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WELL now I'm sure I don't know why in the world it was

put there, Standing up in the middle of the face like the gnomon of a

súndial, Very much, as one would say, in the way of the pássers by, And exposed to heat and cold, wet and dry, all the winds

that blow.

Don't tell me that it was for the sake of beauty it was ever

set up there, Still less that it was for utility, i. e. by way of a handle, And as to the hints I sometimes hear that it was out of mere

whim or vagary, I assure you I 'm not the man to lend an ear to insinuations

of that sort.

But I 'll tell you the idea that has just now flashed across

my mind

And which of course I hold myself at liberty to correct as I

improve in knowledge, For these are improving times, as you know, and the whole

world 's in progress, And the only wonder is, that with all our advancement we 're

so very far behind yet.

Now my idea 's neither móre nor less than that it was set up

where it is simply becaúse God Hadn't, or couldn't at the moment find, a more convenient

spot to pút it in; And I 'm further of opinion that if you or I had had the

placing of it, It's no better but a thousand times worse it would have been

placed than now it is.

For while I admit that it does indeed at first sight seem a

little too far fórward set, Like a camp picket or vedette upon the very fore front and

edge of danger, Still there 's no denying the solidity and security of its basis, And that it rarely if ever happens it 's obliged to evacuate

its position.

Why, I've seen an enemy come up to it in a towering fit of passion, And with his right hand clenched till it looked like a sledge

hammer or mason's mallet Strike it such a blow right in the face as you 'd swear must

annihilate it, Or at least send its ghost down dolefully whimpering to Orcus.

Nay, I've seen its best friend and nearest earthly relative With a giant's grasp lay hold of it, and squeeze it between

finger and thumb, Till it roared with downright agony as loud as a braying ass

or élephant, And yet, the moment after, it seemed not a hair the worse

but rather refreshed by it.

But all this is scarce worth mentioning in comparison of what

I 've seen it bear At the hands of that same nátural friend, ally, and protector, Who twenty times a day or, if the humor happened so to take him, A húndred times a day would in one of the dark cellars under it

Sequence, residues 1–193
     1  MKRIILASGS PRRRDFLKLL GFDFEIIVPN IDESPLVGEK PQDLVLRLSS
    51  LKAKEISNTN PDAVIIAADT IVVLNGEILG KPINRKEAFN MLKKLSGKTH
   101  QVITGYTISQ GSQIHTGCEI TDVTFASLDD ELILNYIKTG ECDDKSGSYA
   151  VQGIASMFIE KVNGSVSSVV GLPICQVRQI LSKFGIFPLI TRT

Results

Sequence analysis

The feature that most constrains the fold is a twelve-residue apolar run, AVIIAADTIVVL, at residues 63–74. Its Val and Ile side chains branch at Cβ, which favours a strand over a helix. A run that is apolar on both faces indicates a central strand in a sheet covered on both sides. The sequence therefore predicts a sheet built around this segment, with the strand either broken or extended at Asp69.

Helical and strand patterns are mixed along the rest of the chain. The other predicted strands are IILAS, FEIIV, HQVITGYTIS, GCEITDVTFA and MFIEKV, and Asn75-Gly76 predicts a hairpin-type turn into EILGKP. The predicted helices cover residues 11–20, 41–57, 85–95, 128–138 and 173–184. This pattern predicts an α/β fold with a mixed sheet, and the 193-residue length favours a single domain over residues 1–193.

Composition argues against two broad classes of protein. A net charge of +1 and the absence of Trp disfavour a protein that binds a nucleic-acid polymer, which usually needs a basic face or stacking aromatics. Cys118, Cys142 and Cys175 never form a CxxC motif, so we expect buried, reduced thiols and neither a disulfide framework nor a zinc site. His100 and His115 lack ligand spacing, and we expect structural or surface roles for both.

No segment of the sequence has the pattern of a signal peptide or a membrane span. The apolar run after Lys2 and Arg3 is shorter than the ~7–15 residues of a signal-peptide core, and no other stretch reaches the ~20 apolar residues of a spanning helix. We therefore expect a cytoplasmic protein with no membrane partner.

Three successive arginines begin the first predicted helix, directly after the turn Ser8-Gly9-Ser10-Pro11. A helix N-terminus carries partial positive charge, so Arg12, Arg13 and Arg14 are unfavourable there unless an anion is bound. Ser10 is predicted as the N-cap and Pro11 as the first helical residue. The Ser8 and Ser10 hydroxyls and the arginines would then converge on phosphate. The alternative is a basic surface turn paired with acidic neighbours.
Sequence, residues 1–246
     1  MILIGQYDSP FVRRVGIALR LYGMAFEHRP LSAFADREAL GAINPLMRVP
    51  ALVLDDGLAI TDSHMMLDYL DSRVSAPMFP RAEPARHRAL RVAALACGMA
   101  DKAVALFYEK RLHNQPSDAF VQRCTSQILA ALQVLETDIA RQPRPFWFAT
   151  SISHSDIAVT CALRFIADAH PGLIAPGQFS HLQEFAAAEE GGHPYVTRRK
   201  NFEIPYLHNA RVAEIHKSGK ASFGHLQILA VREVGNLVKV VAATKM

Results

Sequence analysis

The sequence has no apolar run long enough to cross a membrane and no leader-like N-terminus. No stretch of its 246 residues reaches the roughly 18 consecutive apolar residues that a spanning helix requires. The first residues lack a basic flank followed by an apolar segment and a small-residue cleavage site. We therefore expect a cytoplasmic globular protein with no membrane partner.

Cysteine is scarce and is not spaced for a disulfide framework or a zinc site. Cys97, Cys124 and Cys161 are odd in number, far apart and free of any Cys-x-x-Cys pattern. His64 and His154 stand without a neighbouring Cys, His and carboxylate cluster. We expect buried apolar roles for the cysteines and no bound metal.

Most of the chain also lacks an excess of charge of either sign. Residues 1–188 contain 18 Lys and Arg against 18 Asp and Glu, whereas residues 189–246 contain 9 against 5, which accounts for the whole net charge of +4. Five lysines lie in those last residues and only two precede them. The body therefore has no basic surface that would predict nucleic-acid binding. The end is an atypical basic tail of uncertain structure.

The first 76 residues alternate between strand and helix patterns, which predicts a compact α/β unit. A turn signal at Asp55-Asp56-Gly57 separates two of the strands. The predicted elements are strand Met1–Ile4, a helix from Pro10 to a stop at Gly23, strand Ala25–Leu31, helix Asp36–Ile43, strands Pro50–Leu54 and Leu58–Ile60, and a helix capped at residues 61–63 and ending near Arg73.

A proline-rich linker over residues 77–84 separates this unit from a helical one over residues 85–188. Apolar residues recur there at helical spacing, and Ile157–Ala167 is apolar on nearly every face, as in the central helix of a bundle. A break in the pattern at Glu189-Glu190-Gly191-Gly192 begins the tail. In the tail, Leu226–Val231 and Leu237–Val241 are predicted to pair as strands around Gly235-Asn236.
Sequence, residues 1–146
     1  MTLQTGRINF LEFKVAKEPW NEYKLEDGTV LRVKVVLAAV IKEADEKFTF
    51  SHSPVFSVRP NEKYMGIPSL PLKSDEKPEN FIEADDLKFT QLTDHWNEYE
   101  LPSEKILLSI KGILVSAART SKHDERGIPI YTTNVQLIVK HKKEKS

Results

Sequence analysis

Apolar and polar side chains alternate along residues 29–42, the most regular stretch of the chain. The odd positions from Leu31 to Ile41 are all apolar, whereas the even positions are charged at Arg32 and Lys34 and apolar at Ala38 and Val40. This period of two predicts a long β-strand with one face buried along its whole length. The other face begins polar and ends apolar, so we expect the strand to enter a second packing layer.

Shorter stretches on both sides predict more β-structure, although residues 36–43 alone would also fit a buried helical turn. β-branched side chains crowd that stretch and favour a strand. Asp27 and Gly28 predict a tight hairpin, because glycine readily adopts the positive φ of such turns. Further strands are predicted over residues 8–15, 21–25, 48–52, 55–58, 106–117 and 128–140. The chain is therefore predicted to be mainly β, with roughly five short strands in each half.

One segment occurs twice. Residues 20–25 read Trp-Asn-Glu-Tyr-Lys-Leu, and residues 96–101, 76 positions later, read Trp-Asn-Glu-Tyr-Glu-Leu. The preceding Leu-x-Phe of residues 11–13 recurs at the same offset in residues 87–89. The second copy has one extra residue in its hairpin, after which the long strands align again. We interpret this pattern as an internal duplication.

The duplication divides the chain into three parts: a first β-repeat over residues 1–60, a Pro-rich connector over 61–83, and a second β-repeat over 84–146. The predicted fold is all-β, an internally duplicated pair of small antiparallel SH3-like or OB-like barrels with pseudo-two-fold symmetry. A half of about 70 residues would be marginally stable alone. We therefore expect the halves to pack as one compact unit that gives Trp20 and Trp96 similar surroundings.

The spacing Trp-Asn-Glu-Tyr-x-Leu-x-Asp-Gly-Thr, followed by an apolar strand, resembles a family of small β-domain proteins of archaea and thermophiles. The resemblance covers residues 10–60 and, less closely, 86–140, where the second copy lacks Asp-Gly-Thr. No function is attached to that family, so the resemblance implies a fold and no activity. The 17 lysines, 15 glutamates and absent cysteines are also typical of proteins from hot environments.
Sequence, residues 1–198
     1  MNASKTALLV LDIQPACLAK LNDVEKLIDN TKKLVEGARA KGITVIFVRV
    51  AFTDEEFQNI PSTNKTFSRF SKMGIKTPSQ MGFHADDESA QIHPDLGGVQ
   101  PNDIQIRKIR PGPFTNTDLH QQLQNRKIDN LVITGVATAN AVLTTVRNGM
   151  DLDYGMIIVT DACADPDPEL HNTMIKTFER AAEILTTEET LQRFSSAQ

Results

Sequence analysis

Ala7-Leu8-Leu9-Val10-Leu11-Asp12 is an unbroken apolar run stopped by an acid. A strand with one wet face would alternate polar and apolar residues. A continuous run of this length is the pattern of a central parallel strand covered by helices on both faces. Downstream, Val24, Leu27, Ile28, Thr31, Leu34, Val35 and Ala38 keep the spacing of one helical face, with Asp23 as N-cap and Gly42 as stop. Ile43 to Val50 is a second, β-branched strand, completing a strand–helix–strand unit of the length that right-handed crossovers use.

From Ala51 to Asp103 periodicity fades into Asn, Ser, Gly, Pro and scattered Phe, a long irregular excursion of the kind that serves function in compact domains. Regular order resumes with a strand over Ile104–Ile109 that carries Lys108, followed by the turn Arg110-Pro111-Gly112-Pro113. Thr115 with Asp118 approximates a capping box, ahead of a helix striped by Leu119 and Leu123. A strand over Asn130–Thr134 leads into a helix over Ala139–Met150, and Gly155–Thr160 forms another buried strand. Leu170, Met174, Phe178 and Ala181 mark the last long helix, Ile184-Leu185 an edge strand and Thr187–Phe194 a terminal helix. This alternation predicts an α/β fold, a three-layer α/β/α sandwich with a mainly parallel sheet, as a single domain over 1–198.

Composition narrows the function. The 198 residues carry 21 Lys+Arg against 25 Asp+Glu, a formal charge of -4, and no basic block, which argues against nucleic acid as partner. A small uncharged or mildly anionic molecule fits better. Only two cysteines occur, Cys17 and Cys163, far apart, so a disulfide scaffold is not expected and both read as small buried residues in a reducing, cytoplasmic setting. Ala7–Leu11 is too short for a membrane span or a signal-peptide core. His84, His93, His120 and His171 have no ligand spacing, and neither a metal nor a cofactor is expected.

That you

Explóde all on a sudden so strong a détonating powder

say there never yet was iron tower or vaulted

granite casemate That wouldn't have tumbled down incontinent at the very first

concussion, And yet that wondrous piece of flesh and bone seemed but

to take delight in it.

But, sétting aside these wholly minor and secondary consi

derations, What would you say of an architect who had constructed a face With a pair of eyes staring, one on the right side and the

other on the left side of it, And yet had made no manner of provision at all for the

support of a pair of spectacles ?

So avaunt with your idle criticisms, your good-for-nothing

stuff and twaddle, Such as one dozes over a-nights in the Quarterly just before

one goes to bed, And let me have a pinch out of your canister, for I know

it 's the genuine Lundy More care - easing even than Nepenthe, than Ambrosia more

odoriferous. DALKEY LODGE, DALKEY (IRELAND), Dec. 16, 1854.

Ón the dáy befóre the first day
Gód was tired with doing nothing,
Ánd determined to rise early
Ón the next day and do something.

Só upon the next day Gód rose
Véry early, and the light made
Yoú must know that úntil that day
Gód had álways lived in dárkness:

“Bravo! bravo! thát ’s a good job,” Said God when his eye the light caught; “Nów I think I 'll try and make me Á convénient place to live in."

Só upon the next day Gód rose
At the dawn of light, and heáven made,
Ảnd from that day forward never
Wanted á snug box to live in.

“Well! a líttle work is pleásant,” Said God, “ánd besides it 's úseful; Whát a pity f ove so long sat Dúmping, múmping, doing nothing!”

Só upon the third day Gód made
This round ball of land and water
And with right thumb and forefinger
Sét it like teetốtum spinning;

Spinning twirling like teetótum,
Roúnd and round about, the ball went,
While God clápped his hands, delighted,
Ảnd called th’ ángels to look at it.

Whó made th’ ángels? if you ásk me, ,
I replý: -

that 's more than I know;
Fór if God had, I don't doúbt but
Hé 'd have put them in his catalogue.

Bút no matter some one máde them, Ảnd they came about him flócking, Wondering at the súdden fit of Mánufacturing that had taken him:

“It 's a pretty báll,” they áll said; “Dó pray tell us whát 's the úse of it; Won't you make a greát many of them? We would like to see them trúndling."

Wait until tomorrow," said God, “ Ảnd I think I 'll show you something; This is quite enough for one day, And you know I 'm bút beginning.”

Só about noon on the fourth day,
Gód called th' ángels all about him,
Ánd showed them the great big báll he'd
Máde to give light to the little one.

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